Influencing People

Not everyone is a leader, nor does everyone want to be a leader, and that is okay. Leadership does not always come from your position. People can hold a manager’s position but not be a leader.

Leadership is showing up, speaking up and putting yourself out there. Leadership is listening to others and sharing your thoughts and opinions. Leadership is inspiring others and lifting another.   

Dale Carnegie’s lessons on how to Win Friends and Influence People has stood the test of time, written in the 1930’s the lessons Carnegie taught continues today in seminars and leadership training. The classic principles are building blocks and can improve all your relationships both professional and personal.

  1. Do not criticize, condemn or complain

Carnegie said “…any fool can criticize…”, it takes character and self-control to be forgiving.

 2. Be generous with Praise

Everyone does better work when they feel appreciated. Compliment people on their accomplishments. Don’t use generic or blanket compliments such as “you’re awesome”, be specific and sincere with your praise.

 3.Remember their name

One of the best-kept secrets of leaders is that they work hard at remembering the names of the people they meet. Nothing makes a person feel more important than having their name remembered.

 4. Be genuinely interested in other people

Carnegie taught that you can influence more people by becoming genuinely interested in others than trying to get others interested in you. 75% of your time should be listening and 25% of the time is you speaking. Nelson Mandela was the last to speak. He always listened to others first, let them share their thoughts and opinions. If you are the leader, present the problem to the team and allow them the opportunity to discuss possible solutions before you offer your opinion and thoughts. Learn from Nelson Mandela, always be the last to speak in these kinds of meetings.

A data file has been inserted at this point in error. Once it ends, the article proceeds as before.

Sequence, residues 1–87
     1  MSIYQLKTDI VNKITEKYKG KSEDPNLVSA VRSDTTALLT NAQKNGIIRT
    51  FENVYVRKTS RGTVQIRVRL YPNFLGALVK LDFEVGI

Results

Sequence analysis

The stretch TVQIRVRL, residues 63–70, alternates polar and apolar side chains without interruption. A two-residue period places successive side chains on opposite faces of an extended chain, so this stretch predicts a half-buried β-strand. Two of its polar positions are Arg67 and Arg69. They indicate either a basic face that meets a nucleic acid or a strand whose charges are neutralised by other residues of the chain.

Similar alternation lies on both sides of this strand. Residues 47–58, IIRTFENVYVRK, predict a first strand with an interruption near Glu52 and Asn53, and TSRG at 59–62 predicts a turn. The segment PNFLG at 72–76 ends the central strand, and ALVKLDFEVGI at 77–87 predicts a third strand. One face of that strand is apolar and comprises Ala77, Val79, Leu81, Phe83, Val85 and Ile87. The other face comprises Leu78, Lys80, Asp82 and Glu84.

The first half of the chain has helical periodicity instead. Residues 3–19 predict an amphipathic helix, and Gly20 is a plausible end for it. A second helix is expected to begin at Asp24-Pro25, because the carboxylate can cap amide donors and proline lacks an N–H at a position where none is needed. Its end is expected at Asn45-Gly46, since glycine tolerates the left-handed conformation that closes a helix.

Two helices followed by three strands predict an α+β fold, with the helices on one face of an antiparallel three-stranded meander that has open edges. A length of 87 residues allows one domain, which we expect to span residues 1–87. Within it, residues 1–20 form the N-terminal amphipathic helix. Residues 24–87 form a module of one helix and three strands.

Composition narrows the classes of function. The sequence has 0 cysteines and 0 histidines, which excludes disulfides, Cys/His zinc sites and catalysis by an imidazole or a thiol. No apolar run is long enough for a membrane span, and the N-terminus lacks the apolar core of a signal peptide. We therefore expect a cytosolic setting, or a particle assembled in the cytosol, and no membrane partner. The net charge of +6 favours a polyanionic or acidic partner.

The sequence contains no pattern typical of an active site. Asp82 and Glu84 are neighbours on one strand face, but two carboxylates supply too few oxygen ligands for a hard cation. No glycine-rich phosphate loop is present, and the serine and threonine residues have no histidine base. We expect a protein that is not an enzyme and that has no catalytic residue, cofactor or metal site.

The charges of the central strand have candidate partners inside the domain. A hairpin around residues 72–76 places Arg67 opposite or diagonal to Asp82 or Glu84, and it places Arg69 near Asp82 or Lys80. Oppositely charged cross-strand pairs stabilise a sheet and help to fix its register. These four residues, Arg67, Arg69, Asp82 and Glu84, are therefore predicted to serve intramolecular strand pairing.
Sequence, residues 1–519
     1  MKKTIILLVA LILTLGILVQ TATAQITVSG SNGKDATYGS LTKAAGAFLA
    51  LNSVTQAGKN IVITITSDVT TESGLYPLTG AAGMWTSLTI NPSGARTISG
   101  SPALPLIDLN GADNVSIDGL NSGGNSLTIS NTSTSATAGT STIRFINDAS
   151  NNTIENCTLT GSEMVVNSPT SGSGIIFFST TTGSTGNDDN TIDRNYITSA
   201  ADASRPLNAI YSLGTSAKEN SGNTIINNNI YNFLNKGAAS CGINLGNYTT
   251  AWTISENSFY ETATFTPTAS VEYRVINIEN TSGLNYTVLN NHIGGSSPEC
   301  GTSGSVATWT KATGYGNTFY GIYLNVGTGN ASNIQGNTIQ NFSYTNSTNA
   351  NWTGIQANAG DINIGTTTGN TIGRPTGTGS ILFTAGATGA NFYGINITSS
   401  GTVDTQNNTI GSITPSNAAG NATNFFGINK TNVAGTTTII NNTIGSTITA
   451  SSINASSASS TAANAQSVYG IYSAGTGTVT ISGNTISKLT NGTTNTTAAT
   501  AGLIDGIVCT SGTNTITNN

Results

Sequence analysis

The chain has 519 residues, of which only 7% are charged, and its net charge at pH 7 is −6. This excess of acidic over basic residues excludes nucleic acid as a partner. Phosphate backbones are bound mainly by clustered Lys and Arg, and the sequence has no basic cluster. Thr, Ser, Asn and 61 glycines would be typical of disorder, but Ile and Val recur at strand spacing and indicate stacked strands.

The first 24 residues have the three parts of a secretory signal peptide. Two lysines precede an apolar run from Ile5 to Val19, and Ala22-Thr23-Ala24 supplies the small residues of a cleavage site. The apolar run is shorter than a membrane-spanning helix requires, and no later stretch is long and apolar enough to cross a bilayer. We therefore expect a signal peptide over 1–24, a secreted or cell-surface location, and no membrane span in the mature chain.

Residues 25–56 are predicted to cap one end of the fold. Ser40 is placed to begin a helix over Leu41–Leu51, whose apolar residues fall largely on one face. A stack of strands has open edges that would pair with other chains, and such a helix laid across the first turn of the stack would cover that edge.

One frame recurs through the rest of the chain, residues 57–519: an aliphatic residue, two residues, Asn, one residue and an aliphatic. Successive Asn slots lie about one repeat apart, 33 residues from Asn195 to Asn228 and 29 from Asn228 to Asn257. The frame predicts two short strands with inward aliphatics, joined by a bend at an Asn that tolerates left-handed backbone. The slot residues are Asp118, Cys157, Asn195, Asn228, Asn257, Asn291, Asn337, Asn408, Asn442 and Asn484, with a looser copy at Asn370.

Another secret a good leader uses is that they are not afraid to ask. Too often employees are often too timid to ask their managers and supervisors questions. Most leaders do all they can to make themselves accessible. They want to share their knowledge and contacts. One of the books I read, The Power of Choice, the author Michael Hyter told many stories where he just asked questions. Show initiative, ask your supervisors, managers and CEO’s questions, “how did you……?” “What advice would you give to……” Ask any entrepreneur how they become successful in their particular field, ask them what it took to get started. If you want to know, just ask others who have experienced it questions, there are so many learning opportunities available if we just ask others to share their knowledge and experiences.

 

  1. Be quick to acknowledge your own mistakes

Take responsibility for your actions, be humble enough to admit your mistakes. Apologize, learn from your mistakes and continue to seek ways to improve yourself both professionally and personally.

 

  1. Do not attempt to “win” an argument

Let’s face it, no one likes a “know it all” Carnegie councils the best way to win an argument is to avoid it. Even presenting objective facts does not get you any closer to being likable if you always have to have the last word and be right.

 

  1. Begin on Common Ground

Conflict can be good, Ed Catmull with Pixar encourages good candid discussion with varying opinions improve creativity and growth. Conflict is good when it starts on the same common ground with the same goal in sight.

 

People do not do business or build relationships with a company or entity, they build their associations with their contacts, the people who work for the business. Everyone regardless of the position can influence others. Influencing others is when what you say or do inspires another human to be better. Simon Sinek said leaders are those who are in a position of power or authority, those who lead, however, inspire those around them.

Cheryl Viola, MBA, Executive Director

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